The pinnacle of the movies happens during the middle era of the films. Toward the 1960s and the last part of the films; however, the Marx Brothers have a slower period that is no longer able to associate with the culture and society that has changed into modern times.
The beginning of the Marx Brothers was not on the stage, but was instead at an opera house in Texas in the year 1912. During this time, the family began to produce comedic strips combined with music. The sketch that began the brothers was called “Fun in Hi Skule,” followed by “Home Again.” Both of these comedic skits were based on the satire of World War II and the controversies of politics that were a part of the time. The different associations and the satire that the troupe used allowed them to move immediately into Broadway then into the hands of Paramount films. The movement into film allowed the four brothers to create a unique style for the film which was based off a specific type of comedy and development of the characters in a certain way. The first four films that were produced were performed on Broadway and were adapted to film, including “Animal Crackers,” “The Cocoanuts,” and “I’ll Say She Is” (Kanfer, 139).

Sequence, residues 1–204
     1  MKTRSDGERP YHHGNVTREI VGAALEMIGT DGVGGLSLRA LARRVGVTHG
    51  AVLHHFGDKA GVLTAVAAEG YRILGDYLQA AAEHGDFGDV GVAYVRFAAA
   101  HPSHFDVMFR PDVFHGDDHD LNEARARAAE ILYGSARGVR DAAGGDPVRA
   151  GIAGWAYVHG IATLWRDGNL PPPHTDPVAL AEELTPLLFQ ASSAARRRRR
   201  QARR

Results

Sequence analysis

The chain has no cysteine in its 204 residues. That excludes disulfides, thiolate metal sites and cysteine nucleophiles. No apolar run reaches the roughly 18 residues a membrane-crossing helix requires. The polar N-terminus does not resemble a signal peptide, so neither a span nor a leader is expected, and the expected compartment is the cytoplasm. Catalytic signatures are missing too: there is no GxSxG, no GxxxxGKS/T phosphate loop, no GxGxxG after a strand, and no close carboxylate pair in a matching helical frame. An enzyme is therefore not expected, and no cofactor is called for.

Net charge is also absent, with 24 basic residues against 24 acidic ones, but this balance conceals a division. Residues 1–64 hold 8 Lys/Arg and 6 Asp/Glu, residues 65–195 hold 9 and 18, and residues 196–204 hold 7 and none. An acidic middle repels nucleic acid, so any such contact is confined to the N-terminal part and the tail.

The earlier films were known not only for their humor, but were also able to develop the different parts of acting and humor as well as character development. The concept of experimentation and development was prevalent in these earlier films and was used to help the brothers create a sense of style. For example, at the beginning of “Animal Crackers,” the main character can be seen talking to a tribal man then to the woman. It can be seen from this particular clip that the character is still being developed with a question of how to use this with how to create a deeper meaning to the character. Groucho speaks quickly through his parts and doesn’t have the same